The primary ion beam 17 can be emitted from the ion gun means 5 by initially evacuating the space surrounding the ion gun means 5 to a pressure of 10 to 10 Torr,,introducing a gas corresponding to a desired ion into the space surrounding the ion gun means 5, and while maintaining the pressure in the space surrounding the ion gun means 5 solely at l0 to 10' Torr, causing discharge across the cathode and anode of the ion guns to produce a plasma state. The primary ion beam 17 is extracted by applying an electric field to this plasma. The primary ion beam 17 which is either positive or negative can be freely extracted by applying a positive or negative primary ion extracting voltage. Due tothe fact that the space surrounding the ion gun means 5 is connected to the ion accelerating space by the aperture 2 having a small evacuating conductance,

2 the ion accelerating space can be maintainedpr at a high vacuum so that discharge may not occur even when the gas is introduced into the space surrounding the ion gun means 5.

The primary ion beam 17 obtained in this manner is focused on the specimen 9 by the condenser lens 6 and objective lens 8. Electrostatic lenses of three electrode structure are utilized for the focusing of the primary ion beam 17. In response to the irradiation of a desired spot on the surface of the specimen 9 with the accelerated and focused primary ion beam 17, a secondary ion beam 18 of the specimen atoms is emitted from the specimen 9. The secondary ion beam 18 is directed into the mass spectrometric system" where the secondary ion beam 18 is separated according to the mass-to-charge ratio for the element analysis of the specimen 9.

In the prior art ion microprobe analyser having such a structure, ions of non-reactive gas such as argon have been used as the primary ions in order to minimize undesirable contaminating influences in various portions of the analyser.

However, difficulties of major concern have been encountered having to do primarily with sensitivity and stability. It was found that only a small fraction of the sputtered material was in the form of ions available for analysis so that the desired degree of sensitivity could not be achieved. Also, as the bombardment continued the fraction of the sputtered particles that carried electric charges became progressively smaller and the output signal continuously declined, so that in many cases it was extremely difficult, though not impossible, to calibrate the output signals of ion bombardment instruments. They were not stable wiith respect to time. Further, it was difficult to use such analyser for the quantitative analysis in that the secondary ion yield (the number of secondary ions emitted from the specimen per primary ion) differed depending on the element.

U.S. Pat. No. 3,508,045 discloses a method in which an ion gun of special structure is employed and chemically reactive gas ions such as oxygen ions or halogen ions are used to provide a primary ion beam. According to this method, the secondary ion production efficienc'y can be improved. However, when such reactive gas ions are used as the primaryions, the cathode of the ion gun is heated to a high temperature resulting in damage to the electrode materials forming the cathode and in an extremely short service life of the ion gun. Thus, this method is defective in that theion gun must have a special structure. A further serious defect of this method resides in the fact that the secondary ion yield varies within the wide range up to the order of 10 depending on elements. Thus, it has been difficult to improve the spectroscopic accuracy of quantitative analysis due to the fact that complex calibration is required for the quantitativeanalysis and analysis of an element having a low sensitivity is difficult to achieve.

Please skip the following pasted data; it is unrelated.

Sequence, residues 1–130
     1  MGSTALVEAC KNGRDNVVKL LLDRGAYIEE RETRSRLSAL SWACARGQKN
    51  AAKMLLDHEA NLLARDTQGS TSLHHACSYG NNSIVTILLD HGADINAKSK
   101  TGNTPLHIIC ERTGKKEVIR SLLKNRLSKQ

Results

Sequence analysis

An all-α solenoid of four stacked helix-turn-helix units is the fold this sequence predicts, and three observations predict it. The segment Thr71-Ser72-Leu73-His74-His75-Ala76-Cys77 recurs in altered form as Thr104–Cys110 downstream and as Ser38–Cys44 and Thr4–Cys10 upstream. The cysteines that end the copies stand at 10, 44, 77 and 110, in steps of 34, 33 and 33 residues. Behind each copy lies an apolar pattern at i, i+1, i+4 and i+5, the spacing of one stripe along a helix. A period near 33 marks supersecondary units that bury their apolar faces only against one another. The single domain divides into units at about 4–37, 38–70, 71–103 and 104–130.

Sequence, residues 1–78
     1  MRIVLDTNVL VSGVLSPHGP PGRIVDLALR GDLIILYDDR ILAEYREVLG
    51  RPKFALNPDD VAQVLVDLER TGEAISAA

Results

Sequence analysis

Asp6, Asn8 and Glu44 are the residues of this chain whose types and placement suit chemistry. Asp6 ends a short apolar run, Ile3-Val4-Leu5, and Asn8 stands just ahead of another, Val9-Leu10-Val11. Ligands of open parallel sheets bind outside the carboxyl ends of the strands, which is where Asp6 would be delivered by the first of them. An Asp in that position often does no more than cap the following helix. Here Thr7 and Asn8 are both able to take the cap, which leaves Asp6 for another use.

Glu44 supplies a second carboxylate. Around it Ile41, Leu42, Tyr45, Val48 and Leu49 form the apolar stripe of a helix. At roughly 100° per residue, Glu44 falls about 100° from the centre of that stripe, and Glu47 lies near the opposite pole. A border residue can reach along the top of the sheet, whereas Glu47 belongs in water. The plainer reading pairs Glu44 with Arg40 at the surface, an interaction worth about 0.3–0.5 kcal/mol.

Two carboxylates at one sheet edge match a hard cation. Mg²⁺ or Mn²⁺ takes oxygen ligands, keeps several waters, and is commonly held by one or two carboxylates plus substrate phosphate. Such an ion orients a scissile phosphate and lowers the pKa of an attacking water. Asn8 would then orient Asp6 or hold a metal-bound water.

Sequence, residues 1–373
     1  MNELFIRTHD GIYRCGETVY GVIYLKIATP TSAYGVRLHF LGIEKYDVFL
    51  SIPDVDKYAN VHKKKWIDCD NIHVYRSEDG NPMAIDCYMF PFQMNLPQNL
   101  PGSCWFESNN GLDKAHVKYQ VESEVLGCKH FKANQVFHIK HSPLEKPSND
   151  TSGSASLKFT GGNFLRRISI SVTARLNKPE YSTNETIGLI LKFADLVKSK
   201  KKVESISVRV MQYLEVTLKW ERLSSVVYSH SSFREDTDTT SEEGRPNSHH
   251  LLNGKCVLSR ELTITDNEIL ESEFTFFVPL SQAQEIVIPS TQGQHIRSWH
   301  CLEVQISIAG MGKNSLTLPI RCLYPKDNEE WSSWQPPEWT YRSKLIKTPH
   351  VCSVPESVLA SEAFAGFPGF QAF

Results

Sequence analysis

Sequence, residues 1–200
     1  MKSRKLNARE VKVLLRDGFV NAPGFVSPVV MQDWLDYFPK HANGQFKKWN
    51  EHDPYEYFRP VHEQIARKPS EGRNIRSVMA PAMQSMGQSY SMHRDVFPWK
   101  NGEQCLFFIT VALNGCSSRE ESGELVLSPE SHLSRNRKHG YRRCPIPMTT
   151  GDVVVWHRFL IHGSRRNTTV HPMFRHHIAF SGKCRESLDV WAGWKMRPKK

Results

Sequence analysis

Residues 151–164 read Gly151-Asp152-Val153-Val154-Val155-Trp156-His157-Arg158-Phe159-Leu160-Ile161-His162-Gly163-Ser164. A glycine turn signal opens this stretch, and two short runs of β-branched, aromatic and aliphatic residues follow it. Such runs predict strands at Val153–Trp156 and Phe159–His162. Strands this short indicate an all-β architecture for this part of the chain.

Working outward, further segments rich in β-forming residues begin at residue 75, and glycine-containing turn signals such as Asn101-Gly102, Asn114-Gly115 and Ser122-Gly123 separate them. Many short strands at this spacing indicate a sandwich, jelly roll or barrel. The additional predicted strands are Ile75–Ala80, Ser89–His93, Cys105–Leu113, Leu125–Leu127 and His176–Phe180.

Another proposal has been made according to which a reactive gas to contact and react with the specimen is introduced into a chamber wherein the irradiation is carried out. However, this method is defective in that secondary ions flying within the mass spectrometric system collide with reactive gas'molecules and'are' thereby scattered to lower the resolution and sensitiv-j ity, and at the same time, the primary ion beam is also scattered resulting in a reduction of the degree of focusing the ion beam. Therefore, the proposed analyser the total number of secondary ions is small.

SUMMARY OF THE INVENTION It is a primary object of the present invention to provide an improved ion microprobe analyser suitable for the qualitative and quantitative analysis of secondary ions emitted from a solid specimen in response to irradiation with primary ions.

Another object of the present invention is to realize the practical use of an ion microprobe analyser of the type in which a non-reactive gas is used to provide a primary ion beam and a specimen is held in an atmosphere of a chemically reactive gas.

Still another object of the present invention is to provide an ion microprobe analyser which can provide improved sensitivity of analysis.

Yet another object of the present invention is to provide an ion microprobe analyser which can provide improved quantitativity.